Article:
What Suffolk’s revamped education improvement project will focus on

Raising the Bar priorities will include literacy rates and KS2 performance. Picture: THINKSTOCK

Raising the Bar priorities will include literacy rates and KS2 performance. Picture: THINKSTOCK - Credit: ThinkStock

Education chiefs are to form a task force to revamp a key strategy which aims to raise educational standards in Suffolk.

Mary Evans said all Suffolk children were supported regardless of whether they were taught in academ

Mary Evans said all Suffolk children were supported regardless of whether they were taught in academies or LA schools. Picture: GREGG BROWN

Suffolk County Council's Raising the Bar strategy was launched in 2012 in a bid to achieve improvements in education attainment and performance.

The latest phase runs from 2018 to the end of 2020, meaning a refresh is needed.

Now, education cabinet member Mary Evans has confirmed a cross-party task group will be set up this Easter to look at priority areas, with a full strategy to be rolled out from January 1.

Adrian Orr, assistant director for education and learning, said there were some key areas of focus - ensuring all schools achieved the benchmark numbers at Key Stage 2, work to improve literacy skills and addressing the impact of poverty and deprivation on childrens' opportunities.

He added: "A child's ability to read at the age of 11 is the single biggest indicator of economic development at 30.

"We have had real improvements in trajectory but it's still not quite there."

When Raising the Bar was launched the majority of schools were under local authority control, but since then most are now part of academy trusts, which are funded and monitored by central government.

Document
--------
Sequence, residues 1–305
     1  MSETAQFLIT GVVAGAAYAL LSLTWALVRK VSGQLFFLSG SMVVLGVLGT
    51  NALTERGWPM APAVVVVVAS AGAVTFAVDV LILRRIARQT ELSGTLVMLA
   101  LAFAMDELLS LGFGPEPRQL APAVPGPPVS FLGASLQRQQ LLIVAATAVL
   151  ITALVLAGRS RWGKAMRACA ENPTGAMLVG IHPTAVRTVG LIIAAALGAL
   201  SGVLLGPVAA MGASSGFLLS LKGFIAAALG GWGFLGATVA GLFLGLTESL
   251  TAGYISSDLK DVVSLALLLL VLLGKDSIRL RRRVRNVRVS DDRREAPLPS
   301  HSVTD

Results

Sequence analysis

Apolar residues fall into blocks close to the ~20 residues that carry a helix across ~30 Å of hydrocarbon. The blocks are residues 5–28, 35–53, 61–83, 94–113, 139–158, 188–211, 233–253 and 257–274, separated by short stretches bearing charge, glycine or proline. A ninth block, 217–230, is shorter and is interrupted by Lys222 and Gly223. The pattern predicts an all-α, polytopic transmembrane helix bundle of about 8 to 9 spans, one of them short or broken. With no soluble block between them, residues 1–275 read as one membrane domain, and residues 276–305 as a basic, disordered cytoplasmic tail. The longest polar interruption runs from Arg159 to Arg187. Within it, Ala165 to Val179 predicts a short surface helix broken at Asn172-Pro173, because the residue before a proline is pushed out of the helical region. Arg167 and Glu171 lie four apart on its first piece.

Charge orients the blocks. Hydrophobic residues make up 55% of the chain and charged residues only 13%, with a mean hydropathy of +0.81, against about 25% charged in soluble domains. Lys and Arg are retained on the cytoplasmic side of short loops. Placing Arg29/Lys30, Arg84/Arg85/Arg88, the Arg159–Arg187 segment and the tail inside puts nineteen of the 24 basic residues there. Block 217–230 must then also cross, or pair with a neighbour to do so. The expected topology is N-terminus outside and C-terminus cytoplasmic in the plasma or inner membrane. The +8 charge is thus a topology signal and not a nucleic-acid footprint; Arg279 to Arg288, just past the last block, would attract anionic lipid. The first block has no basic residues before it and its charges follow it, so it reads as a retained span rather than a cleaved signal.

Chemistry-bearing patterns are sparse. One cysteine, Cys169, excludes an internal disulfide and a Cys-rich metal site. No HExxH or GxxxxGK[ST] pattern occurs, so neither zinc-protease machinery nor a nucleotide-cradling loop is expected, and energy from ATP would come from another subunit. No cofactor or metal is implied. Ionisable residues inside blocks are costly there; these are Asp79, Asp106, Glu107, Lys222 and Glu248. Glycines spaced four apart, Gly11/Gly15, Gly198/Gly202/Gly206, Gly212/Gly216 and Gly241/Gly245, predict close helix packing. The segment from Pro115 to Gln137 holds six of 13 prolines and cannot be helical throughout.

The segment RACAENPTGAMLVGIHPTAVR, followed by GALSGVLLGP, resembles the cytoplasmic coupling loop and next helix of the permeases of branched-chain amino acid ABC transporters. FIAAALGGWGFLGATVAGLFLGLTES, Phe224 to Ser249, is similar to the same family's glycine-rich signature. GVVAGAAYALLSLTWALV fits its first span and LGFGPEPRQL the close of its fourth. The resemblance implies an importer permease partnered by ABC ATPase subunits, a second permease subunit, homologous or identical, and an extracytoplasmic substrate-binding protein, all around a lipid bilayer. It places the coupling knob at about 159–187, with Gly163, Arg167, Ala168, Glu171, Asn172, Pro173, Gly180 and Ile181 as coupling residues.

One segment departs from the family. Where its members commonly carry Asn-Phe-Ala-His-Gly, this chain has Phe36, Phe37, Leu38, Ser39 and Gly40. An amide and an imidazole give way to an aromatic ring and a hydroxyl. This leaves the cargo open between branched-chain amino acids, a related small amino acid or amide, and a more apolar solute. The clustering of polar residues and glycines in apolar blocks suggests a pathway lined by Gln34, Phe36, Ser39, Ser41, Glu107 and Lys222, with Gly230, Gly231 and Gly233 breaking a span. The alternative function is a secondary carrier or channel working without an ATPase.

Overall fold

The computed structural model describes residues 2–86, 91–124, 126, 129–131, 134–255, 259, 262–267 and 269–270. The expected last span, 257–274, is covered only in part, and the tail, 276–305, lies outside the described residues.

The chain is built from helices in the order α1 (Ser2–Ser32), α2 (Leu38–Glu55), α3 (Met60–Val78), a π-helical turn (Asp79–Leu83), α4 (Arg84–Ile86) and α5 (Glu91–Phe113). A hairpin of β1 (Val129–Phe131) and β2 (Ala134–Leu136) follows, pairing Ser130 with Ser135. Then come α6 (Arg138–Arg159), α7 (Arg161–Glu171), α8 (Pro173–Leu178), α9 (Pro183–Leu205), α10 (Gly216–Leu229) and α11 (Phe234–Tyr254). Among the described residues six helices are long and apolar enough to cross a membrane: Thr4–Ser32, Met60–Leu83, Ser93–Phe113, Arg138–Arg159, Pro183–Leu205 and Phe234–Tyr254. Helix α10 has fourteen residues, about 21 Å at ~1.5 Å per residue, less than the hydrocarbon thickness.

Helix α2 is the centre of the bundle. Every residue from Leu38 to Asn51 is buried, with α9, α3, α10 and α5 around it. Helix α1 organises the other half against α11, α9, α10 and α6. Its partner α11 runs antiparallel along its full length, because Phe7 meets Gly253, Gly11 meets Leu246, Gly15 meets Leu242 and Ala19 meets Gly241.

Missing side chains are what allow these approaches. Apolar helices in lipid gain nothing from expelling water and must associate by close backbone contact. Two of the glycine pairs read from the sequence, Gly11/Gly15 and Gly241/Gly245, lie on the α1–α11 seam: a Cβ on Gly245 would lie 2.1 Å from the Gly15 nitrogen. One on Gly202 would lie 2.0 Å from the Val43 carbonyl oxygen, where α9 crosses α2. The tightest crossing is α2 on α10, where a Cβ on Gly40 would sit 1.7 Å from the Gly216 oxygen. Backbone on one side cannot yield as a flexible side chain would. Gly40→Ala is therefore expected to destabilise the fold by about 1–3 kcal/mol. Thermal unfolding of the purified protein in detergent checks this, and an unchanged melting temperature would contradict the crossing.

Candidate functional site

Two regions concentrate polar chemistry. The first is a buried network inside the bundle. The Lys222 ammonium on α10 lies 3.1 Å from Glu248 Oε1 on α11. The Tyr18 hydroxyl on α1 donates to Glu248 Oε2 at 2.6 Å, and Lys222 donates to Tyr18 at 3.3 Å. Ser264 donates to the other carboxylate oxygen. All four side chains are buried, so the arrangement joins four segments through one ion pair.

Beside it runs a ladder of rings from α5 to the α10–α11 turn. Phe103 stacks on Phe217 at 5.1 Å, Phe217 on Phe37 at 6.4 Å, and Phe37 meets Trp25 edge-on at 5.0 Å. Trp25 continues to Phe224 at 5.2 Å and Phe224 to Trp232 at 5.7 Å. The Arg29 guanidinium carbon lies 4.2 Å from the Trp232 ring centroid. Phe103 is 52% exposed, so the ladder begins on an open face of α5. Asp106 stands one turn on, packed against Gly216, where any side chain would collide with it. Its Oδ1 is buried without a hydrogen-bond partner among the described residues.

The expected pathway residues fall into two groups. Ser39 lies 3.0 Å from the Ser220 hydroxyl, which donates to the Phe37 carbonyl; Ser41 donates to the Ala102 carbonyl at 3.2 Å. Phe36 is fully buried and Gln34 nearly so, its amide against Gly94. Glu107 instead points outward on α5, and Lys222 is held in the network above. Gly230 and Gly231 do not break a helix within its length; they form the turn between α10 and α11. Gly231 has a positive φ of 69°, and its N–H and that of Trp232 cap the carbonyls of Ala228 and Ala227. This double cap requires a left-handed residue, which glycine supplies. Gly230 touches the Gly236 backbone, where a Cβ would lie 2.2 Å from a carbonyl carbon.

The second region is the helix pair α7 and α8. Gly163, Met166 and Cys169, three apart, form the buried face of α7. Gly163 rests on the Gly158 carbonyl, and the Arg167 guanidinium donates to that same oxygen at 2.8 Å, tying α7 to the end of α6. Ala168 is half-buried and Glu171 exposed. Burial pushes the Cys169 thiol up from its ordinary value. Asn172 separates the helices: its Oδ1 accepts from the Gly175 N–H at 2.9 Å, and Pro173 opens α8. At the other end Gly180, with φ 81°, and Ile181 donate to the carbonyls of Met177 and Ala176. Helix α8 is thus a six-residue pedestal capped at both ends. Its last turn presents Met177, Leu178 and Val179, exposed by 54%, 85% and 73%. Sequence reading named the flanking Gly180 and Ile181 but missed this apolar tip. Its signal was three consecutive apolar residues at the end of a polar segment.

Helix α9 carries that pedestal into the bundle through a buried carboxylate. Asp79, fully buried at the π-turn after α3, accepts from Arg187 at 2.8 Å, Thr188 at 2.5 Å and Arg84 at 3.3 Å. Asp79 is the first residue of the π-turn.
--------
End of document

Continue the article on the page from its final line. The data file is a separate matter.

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Other changes include a soaring number of pupils with special educational needs, changes to Ofsted's inspection process and an overhaul of performance measurements with the new GCSE grading system and Progress 8 measurements.

Mrs Evans said they all needed to be reflected in the new plan, and the council would not abandon academies from improvement projects.

"These are all Suffolk children, and we run a system where it's not about just looking after maintained schools and leaving academies to the Regional Schools Commissioner," she said.

"We engage with them at various levels because the drive is always to the children of Suffolk, and there is no end to the improvement journey."

According to the council, the percentage of children achieving the expected KS2 standard has increased from 57% to 62% since 2017, although the expected percentage securing grade 5 GCSE results in English and maths is at 62% - below the 65% national average.

As well as the priorities already outlined, measures could also include early years children.

The policy development panel task group is expected to launch this spring and return with some proposals towards the end of the summer, which can then be planned over the autumn for a rollout from January next year.

Penny Otton, leader of the Liberal Democrat, Green and Independent group, said: "Until the government realises that schools cannot continue to cope with such severe reduction in their funding, we will continue to see issues.

"It is essential that all schools across Suffolk continue to raise standards, and it's right that the council should support them in doing so.

"However, headteachers are being faced with increasing pastoral responsibilities, mental health problems in young people and changes to the curriculum.

"I would hope the new "Raising the Bar" strategy will also take these into account."

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